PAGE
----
What are you grateful for?
Thanksgiving is a time to reflect on what we are thankful for. We often dwell on what we don't have. It's easy to do when the media surrounds us with what we should have; must have. If we don't have these things, we feel inadequate. What do we really need?
When my children were young, they would be inundated with commercials for the toys they had to have. Now that they are young men, they are bombarded with the same - grown up electronic toys; also must- haves.
When he was young, I told my son, "no, he could not have that toy." He replied by saying, "I'm tired of being poor." The blood nearly burst out of the veins in my head! I wanted to put him in the car and drive him to places where people really were poor, to give him some healthy perspective. Instead, I got a grip on my emotions and told him that in fact, he was so privileged. He had a nice home to live in, his own room, a computer, TV, pets, good food to eat, instruments to play, etc., etc. In addition, he had two responsible, working parents, who could provide more than he "needed," and much of what he wanted. How dare he be so selfish?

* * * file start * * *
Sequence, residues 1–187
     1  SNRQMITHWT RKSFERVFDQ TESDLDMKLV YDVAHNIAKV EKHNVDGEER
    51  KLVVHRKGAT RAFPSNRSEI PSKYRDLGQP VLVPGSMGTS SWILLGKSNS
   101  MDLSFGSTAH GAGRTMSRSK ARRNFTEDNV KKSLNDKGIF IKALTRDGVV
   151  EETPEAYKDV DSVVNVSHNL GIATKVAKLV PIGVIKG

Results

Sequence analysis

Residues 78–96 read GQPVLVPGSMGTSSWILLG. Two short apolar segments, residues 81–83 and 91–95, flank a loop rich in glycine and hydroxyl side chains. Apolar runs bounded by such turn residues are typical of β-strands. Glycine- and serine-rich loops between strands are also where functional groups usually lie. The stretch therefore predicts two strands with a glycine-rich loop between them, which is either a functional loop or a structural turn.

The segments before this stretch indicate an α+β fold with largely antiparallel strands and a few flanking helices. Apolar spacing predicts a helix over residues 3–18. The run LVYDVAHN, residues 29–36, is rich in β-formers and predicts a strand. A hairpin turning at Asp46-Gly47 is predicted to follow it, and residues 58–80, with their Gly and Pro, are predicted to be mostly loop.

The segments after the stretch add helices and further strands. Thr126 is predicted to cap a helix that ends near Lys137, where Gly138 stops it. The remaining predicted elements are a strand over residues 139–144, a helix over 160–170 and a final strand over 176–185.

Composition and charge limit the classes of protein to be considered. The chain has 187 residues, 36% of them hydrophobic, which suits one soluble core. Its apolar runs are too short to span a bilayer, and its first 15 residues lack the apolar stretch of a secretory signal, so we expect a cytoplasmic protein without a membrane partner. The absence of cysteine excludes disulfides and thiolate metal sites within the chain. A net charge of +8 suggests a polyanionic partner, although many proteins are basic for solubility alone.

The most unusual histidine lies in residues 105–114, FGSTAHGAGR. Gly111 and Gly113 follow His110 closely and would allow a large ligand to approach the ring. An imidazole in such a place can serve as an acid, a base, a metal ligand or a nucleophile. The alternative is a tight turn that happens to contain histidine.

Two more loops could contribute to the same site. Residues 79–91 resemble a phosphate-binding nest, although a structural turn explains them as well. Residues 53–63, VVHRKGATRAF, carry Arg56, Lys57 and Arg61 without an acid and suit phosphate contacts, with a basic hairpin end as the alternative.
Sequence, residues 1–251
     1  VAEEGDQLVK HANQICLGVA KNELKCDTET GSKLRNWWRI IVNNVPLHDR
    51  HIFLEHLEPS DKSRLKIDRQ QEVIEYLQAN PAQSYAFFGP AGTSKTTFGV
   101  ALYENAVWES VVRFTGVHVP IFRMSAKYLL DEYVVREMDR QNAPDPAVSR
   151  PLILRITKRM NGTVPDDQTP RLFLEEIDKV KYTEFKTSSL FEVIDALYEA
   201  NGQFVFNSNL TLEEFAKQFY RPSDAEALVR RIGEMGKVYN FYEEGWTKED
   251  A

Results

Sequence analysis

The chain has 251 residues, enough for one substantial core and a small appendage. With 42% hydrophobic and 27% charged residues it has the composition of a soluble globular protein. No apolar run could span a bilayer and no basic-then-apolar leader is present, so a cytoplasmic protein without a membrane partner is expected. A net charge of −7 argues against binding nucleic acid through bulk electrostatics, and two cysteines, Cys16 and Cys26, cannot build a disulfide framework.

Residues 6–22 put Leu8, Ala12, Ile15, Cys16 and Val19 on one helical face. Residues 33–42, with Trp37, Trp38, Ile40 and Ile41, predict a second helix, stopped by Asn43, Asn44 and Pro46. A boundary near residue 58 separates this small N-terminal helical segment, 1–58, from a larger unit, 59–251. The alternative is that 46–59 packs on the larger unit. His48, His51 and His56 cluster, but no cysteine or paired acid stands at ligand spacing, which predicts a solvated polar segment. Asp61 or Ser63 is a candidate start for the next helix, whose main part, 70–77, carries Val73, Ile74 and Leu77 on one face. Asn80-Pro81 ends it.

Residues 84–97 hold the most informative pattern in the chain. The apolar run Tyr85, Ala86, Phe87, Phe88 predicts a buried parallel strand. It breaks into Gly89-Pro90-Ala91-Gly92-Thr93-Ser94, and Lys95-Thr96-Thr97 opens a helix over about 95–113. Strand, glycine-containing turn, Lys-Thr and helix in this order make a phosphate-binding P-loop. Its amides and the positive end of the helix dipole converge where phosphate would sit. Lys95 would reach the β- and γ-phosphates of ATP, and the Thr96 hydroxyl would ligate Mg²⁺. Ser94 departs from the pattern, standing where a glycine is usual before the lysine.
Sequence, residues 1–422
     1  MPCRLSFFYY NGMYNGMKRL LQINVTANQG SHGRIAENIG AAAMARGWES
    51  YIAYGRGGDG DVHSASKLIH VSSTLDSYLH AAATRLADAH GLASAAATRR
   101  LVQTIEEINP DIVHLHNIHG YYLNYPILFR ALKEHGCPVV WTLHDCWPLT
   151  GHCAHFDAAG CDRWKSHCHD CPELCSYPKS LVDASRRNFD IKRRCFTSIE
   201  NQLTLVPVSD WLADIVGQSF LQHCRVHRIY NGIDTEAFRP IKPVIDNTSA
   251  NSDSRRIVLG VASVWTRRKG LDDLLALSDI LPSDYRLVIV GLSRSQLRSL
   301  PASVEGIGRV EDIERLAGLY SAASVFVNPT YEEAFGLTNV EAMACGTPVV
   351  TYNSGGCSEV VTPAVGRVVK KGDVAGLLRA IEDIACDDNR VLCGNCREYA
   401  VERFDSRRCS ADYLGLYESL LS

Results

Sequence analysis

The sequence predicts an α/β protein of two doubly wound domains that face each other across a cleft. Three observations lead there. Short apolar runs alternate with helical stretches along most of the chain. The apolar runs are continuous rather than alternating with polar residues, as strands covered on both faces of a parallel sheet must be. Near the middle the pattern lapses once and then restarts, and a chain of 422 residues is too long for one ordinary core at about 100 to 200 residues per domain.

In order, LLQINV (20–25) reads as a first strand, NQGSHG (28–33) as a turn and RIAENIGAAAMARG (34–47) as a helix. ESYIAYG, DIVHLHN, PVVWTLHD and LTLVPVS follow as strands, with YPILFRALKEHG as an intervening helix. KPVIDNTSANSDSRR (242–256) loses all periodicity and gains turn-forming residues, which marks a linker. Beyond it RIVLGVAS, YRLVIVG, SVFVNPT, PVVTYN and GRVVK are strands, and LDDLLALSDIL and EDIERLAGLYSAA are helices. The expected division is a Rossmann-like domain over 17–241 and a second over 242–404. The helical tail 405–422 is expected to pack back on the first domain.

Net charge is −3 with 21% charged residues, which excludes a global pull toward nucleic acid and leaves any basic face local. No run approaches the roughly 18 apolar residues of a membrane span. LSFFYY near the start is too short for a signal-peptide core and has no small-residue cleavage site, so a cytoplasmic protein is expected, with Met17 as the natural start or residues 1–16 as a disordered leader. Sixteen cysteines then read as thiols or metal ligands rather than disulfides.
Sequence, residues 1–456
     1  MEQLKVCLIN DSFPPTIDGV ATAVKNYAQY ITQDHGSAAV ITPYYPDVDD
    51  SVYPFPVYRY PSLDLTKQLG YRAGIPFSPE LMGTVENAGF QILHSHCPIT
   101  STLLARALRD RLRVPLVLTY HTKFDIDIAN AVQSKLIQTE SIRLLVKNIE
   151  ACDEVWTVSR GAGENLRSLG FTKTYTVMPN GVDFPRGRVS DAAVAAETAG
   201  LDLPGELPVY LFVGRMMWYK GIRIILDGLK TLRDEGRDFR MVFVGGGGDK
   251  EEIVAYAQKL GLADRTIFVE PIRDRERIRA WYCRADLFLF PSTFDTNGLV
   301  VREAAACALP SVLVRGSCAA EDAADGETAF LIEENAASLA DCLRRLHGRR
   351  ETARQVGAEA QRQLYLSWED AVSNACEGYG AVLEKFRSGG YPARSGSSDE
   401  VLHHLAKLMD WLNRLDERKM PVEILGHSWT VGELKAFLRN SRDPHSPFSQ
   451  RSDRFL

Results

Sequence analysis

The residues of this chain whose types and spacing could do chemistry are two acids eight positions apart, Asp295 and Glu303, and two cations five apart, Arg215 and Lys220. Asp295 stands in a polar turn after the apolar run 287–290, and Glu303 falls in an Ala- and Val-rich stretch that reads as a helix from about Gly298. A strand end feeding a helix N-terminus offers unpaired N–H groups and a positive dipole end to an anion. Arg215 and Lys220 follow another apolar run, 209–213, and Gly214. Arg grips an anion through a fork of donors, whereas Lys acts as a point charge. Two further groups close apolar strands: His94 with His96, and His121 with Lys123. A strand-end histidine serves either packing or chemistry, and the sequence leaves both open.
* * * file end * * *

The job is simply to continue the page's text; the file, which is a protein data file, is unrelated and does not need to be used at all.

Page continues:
I told him maybe we should have an experiment. I would provide just what he needed and I felt was my moral obligation to provide him. That would include a bed in a heated home, meals and clothing. Everything else was not necessity, rather, they were gifts of abundance. He went to his room to consider it and came out with a straighter perspective. He didn't want to give up all the "extras." He understood that not everyone has all that he has.
Of course, kids forget and will at times feel entitled. I always need to remind them that they are privileged and that in fact, they should be giving back to those less fortunate. So far, I am pleased with the results. They still want their toys, but now they earn the money to buy them. They hold charity concerts, run a non profit, give blood. It's a start. . . . .